Major Terry O'Neill then inspected the guard. Historically this inspection is a ceremonial one which is carried out by looking into the eye of each soldier to see if they are fit and able to carry out their duties. If the day's fighting had fared badly the soldiers may well have been exhausted or wounded. If the fighting had been successful the soldiers may well have over-indulged in the issue of rum and not be fit for duty.


After the inspection of the guard the crowd stood for the National Anthems of Belgium and New Zealand followed by the Ode, which was recited by Theo Thomas of Papakura Returned Servicemen’s Association a veteran of World War 2 whose father fought in the first world war.


As the sun set the Belgian and New Zealand Ensigns were lowered and the Band played " Sunset " composed by Captain Arthur Green, Director of Music, Her Majesty's Royal Marines in 1932. Arthur Greens son John was part of the audience and confessed later to having been absolutely moved by this performance.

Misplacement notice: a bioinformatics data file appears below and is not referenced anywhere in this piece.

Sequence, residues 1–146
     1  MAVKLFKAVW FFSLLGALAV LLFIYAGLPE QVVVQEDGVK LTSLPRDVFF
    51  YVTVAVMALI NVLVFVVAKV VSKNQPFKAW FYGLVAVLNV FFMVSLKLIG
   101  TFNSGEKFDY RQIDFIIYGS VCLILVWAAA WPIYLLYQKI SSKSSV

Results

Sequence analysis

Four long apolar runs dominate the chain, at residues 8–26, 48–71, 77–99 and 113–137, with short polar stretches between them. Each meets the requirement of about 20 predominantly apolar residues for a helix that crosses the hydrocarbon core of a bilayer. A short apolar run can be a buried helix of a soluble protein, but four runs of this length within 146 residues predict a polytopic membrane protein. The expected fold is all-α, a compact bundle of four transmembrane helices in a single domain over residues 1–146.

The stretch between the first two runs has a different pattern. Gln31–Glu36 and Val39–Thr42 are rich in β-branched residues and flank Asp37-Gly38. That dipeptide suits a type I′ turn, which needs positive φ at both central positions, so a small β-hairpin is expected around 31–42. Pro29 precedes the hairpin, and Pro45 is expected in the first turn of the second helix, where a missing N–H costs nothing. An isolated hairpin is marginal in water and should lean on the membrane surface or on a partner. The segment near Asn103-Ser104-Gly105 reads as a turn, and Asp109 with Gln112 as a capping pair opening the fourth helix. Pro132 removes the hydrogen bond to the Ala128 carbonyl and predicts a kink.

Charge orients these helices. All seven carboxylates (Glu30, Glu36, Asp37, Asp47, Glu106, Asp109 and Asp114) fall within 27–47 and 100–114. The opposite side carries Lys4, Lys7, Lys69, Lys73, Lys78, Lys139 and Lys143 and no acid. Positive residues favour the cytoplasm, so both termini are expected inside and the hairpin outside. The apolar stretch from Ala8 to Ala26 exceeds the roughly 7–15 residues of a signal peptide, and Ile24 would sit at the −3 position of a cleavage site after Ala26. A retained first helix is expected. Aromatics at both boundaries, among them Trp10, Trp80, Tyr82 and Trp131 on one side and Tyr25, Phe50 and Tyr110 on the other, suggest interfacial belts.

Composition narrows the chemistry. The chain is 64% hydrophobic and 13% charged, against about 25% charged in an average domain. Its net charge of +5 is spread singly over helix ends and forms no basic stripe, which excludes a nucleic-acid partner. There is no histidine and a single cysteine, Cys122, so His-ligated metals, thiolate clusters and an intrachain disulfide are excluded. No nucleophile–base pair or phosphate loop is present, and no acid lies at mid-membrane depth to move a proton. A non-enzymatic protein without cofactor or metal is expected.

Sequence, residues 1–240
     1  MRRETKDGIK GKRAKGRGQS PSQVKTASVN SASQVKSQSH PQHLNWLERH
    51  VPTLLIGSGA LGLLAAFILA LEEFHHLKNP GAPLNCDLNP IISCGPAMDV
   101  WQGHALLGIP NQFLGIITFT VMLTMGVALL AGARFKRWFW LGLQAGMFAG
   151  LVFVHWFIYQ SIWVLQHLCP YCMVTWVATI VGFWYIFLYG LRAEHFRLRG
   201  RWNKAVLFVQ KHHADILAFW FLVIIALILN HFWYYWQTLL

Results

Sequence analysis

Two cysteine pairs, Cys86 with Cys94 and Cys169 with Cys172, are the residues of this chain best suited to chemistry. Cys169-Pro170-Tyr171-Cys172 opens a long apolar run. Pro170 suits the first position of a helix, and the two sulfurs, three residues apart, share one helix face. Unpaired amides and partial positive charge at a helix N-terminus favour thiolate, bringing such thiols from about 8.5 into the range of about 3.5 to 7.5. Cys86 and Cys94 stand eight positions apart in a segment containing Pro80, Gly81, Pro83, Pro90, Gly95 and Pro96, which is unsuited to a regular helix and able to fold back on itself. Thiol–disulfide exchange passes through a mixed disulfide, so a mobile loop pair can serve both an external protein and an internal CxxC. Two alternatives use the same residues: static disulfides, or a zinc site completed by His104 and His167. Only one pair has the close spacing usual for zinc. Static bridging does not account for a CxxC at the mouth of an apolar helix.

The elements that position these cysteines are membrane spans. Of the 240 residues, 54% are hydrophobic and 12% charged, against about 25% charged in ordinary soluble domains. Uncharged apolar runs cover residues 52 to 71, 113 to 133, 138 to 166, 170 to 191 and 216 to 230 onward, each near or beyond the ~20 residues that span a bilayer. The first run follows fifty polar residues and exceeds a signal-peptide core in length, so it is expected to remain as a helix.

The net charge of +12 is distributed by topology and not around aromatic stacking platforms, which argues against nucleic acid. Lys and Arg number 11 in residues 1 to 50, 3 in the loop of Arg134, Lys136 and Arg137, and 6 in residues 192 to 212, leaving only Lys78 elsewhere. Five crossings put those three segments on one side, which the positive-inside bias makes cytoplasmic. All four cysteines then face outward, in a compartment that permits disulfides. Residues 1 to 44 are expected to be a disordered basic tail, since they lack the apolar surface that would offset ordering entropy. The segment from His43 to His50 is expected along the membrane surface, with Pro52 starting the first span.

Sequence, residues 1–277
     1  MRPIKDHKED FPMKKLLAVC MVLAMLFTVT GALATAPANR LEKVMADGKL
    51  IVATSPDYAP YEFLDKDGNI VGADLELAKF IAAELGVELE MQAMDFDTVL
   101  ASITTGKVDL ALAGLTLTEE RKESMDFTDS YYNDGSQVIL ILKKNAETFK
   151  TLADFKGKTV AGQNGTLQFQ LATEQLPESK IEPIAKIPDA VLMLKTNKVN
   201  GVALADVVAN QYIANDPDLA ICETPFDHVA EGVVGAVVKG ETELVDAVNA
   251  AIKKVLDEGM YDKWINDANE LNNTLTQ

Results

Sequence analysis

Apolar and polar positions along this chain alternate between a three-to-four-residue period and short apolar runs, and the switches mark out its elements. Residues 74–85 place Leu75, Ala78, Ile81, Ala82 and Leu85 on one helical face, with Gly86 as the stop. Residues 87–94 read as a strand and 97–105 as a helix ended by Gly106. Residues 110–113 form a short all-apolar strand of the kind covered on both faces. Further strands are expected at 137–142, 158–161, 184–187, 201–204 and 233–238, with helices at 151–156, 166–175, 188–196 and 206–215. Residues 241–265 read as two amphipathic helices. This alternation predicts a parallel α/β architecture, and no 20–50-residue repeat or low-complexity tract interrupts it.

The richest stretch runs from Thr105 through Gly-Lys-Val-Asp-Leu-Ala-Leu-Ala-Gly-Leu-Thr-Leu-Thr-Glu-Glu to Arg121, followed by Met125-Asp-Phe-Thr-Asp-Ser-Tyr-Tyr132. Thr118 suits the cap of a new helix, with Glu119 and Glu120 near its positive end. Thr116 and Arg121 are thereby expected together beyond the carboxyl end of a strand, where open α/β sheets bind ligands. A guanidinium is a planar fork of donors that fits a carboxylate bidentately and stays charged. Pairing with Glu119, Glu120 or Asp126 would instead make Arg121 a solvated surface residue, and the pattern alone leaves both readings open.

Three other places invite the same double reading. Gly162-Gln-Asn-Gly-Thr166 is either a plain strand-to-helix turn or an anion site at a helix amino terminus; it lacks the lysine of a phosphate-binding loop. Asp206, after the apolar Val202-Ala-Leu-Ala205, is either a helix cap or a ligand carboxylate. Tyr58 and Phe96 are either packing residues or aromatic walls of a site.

As the Regimental Colour marched off it was followed by a silence which was broken by Lone Piper John Graham playing the lament " Flowers of the Forest " and leading the Mayor , the Ambassador, the invited guests and the public to the 5,000 crosses where wreaths were laid as the Band played " The Day Thou Gavest Lord Has Ended, The Darkness Falls At Thy Behest."


A reception for invited Guests followed the laying of wreaths in the Fort Takapuna Officers Mess.